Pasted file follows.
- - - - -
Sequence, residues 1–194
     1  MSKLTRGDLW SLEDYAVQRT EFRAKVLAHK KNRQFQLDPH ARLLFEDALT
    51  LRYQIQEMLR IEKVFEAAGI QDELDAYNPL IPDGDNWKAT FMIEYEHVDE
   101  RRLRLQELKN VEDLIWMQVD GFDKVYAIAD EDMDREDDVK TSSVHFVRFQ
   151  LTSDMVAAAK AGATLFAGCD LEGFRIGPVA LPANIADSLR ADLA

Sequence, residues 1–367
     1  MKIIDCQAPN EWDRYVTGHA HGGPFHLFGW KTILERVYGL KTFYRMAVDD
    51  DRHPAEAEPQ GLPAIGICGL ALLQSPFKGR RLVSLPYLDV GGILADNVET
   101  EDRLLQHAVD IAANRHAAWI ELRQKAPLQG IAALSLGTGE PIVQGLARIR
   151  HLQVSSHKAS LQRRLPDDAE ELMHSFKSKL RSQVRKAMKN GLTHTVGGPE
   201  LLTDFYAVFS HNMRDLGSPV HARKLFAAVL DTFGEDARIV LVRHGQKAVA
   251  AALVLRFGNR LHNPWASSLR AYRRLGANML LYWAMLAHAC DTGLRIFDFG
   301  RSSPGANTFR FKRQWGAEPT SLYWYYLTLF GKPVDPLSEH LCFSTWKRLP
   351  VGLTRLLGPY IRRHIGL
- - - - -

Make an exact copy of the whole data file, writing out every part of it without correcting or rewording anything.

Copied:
Sequence, residues 1–194
     1  MSKLTRGDLW SLEDYAVQRT EFRAKVLAHK KNRQFQLDPH ARLLFEDALT
    51  LRYQIQEMLR IEKVFEAAGI QDELDAYNPL IPDGDNWKAT FMIEYEHVDE
   101  RRLRLQELKN VEDLIWMQVD GFDKVYAIAD EDMDREDDVK TSSVHFVRFQ
   151  LTSDMVAAAK AGATLFAGCD LEGFRIGPVA LPANIADSLR ADLA

Sequence, residues 1–367
     1  MKIIDCQAPN EWDRYVTGHA HGGPFHLFGW KTILERVYGL KTFYRMAVDD
    51  DRHPAEAEPQ GLPAIGICGL ALLQSPFKGR RLVSLPYLDV GGILADNVET
   101  EDRLLQHAVD IAANRHAAWI ELRQKAPLQG IAALSLGTGE PIVQGLARIR
   151  HLQVSSHKAS LQRRLPDDAE ELMHSFKSKL RSQVRKAMKN GLTHTVGGPE
   201  LLTDFYAVFS HNMRDLGSPV HARKLFAAVL DTFGEDARIV LVRHGQKAVA
   251  AALVLRFGNR LHNPWASSLR AYRRLGANML LYWAMLAHAC DTGLRIFDFG
   301  RSSPGANTFR FKRQWGAEPT SLYWYYLTLF GKPVDPLSEH LCFSTWKRLP
   351  VGLTRLLGPY IRRHIGL